The correlation between individual CeVD markers was examined and reported as φ coefficient values. Independent associations between presence of individual CeVD markers (determinants) with global and domain-specific cognitive performance (per SD increase, outcome variables) were assessed using the general linear model, controlling for age, sex, education, ethnicity, other vascular risk factors such as hypertension, hyperlipidemia, diabetes mellitus, ischemic heart disease, smoking history, and other MRI markers.
Subsequently, ANOVAs were used to relate different CeVD burden scores with global and domain-based cognitive performance in 2 steps: step 1, controlling for age, sex, education, ethnicity, hypertension, and diabetes mellitus; step 2, also controlled for other vascular risk factors such as hyperlipidemia, ischemic heart disease, and smoking history. In addition, as multiple testing was performed for domain-specific z scores, the Bonferroni correction was used to obtain an adjusted significance level for each domain-specific test: ≈0.05/6=0.008. All analyses were performed using standard statistical software (Statistical Package for Social Science [SPSS] version 21; SPSS Inc).
A total of 143 cases with dementia (116 AD and 27 VaD), 162 CIND (62 vascular CIND and 100 nonvascular CIND) and 94 controls were recruited. Seven patients without available MRI scans were excluded from the analysis (4 patients with AD, 2 patients with CIND, and 1 patient with VaD). Table 1 shows the characteristics of study participants.
The presence of WMH was significantly correlated with multiple lacunes (φ=0.28; P<0.001) and multiple microbleeds (φ=0.27; P<0.001). In addition, multiple lacunes were associated with multiple microbleeds (φ=0.27; P<0.001) and cortical infarcts (φ=0.28; P<0.001). Intracranial stenosis was associated solely with cortical infarcts (φ=0.30; P<0.001).
Moderate-to-severe WMH was independently associated with lower global cognition (β [SE]=−0.21 [0.16]; P<0.001), as well as performance on all individual cognitive domains. For individual cognitive domains, multiple microbleeds was associated with poor performance on visuomotor speed (β [SE]=−0.12 [0.04]; P<0.008), visuoconstruction (β [SE]=−0.12 [0.08]; P<0.008), executive function (β [SE]=−0.10 [0.09]; P<0.008), and language (β [SE]=−0.10 [0.08]; P<0.008; Table 2). Although no other CeVD indicator showed an independent association with global cognition, the presence of any ≥2 CeVD indicators was found to be significantly associated with worse global cognitive performance (β [SE]=−0.09 [0.18]; P<0.01), independent of WMH.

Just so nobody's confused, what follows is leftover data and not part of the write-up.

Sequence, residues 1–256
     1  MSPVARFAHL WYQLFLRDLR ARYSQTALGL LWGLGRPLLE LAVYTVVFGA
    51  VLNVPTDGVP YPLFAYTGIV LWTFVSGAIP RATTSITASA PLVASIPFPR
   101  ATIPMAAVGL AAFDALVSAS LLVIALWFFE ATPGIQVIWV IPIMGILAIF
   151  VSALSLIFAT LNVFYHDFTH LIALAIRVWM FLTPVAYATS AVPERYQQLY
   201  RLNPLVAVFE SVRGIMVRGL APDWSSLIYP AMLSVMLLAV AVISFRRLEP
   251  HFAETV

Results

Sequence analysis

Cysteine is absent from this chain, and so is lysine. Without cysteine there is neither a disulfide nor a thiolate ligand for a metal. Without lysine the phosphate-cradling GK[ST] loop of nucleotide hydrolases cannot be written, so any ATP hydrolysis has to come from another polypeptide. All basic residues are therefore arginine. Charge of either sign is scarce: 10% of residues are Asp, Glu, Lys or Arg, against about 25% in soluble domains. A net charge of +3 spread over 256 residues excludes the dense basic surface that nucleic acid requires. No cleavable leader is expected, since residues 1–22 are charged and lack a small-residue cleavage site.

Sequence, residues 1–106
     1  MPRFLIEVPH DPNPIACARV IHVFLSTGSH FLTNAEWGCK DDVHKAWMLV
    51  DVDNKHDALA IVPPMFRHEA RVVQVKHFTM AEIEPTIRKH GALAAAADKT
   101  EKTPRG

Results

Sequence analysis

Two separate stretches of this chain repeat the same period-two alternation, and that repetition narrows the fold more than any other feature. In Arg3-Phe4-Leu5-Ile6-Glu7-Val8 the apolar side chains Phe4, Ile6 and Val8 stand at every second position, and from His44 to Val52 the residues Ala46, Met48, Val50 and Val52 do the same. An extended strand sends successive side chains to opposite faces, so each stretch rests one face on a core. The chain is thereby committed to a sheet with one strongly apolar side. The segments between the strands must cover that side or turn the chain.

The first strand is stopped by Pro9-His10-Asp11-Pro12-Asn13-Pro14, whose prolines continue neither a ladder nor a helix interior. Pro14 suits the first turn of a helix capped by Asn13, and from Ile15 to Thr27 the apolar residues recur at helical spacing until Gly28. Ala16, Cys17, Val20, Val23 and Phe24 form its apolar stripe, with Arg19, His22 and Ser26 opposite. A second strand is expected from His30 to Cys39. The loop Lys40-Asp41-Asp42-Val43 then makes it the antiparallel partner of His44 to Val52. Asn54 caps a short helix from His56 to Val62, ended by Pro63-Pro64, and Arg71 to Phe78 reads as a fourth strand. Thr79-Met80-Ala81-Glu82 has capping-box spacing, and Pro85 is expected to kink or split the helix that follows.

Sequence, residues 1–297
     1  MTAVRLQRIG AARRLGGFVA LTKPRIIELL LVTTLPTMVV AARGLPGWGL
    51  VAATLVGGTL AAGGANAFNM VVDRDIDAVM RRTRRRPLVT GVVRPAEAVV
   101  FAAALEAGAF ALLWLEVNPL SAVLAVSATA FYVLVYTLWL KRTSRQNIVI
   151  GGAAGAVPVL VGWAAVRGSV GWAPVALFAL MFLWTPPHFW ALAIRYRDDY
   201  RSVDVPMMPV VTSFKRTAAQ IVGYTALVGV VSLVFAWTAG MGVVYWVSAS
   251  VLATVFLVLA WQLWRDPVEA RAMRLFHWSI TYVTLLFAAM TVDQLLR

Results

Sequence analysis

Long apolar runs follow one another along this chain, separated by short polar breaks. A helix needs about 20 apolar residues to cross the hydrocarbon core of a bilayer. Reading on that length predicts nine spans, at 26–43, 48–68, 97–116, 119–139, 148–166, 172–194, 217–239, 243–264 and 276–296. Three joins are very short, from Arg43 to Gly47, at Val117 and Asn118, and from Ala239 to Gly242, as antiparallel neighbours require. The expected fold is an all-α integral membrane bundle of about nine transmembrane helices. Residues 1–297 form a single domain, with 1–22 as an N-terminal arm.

On the basis of linear regression coefficient established between CeVD indicators and cognitive performance as above, we devised a weighted CeVD burden score with 2 points awarded when moderate or severe WMH was present and one point awarded when at least 2 CeVD markers were present.
Hence, a 4-category CeVD burden score was generated:
None/very mild CeVD burden score 0: none/mild WMH and <2 other CeVD indicators.
Mild CeVD burden score 1: none/mild WMH and ≥2 other CeVD indicators.
Moderate CeVD burden score 2: moderate/severe WMH and <2 other CeVD indicators.
Severe CeVD burden score 3: moderate/severe WMH and ≥2 other CeVD indicators.
Overall, 116 participants scored 0, 45 scored 1, 118 scored 2, and 120 scored 3 on the CeVD burden index. Global and domain-based cognitive performance on each CeVD burden severity level is demonstrated in the Figure. Frequencies of the individual CeVD markers and total CeVD burden index scores in the 4 clinical diagnostic groups (nonvascular CIND and, vascular CIND, AD, and VaD) are presented in Table 3.
Using ANOVA, subjects with CeVD burden index score 2 to 3 showed significantly worse global and domain-specific neurocognitive performance than those with CeVD burden index score 0 to 1. In addition, subjects with severe CeVD showed a greater effect on cognitive performance, especially in visuoconstruction domain (Table 4). Interaction between diagnostic groups and CeVD burden index was also examined and was not significant (F(9,939)=0.46; P=0.90). This indicates that the CeVD index scale can be applied regardless of subject’s diagnosis.
The main finding of the current study is that increasing CeVD burden, defined by a combination of WMH and other SVD/LVD markers of CeVD, is inversely related to global cognitive status and predominantly associated with disturbances of executive function, language, and visuoconstruction.
In line with previous studies showing an association of multiple CeVD events on cognition,7–9 we found that the presence of any ≥2 CeVD markers was significantly associated with worse global cognitive performance. In addition, we found a threshold effect of CeVD indicating that a moderate level of burden was associated with greater impairment in both global and domain-based neurocognitive function. These effects not only underline the cumulative nature of CeVD burden but also suggest that SVD and LVD markers can be used to indicate when a critical level of CeVD burden is reached.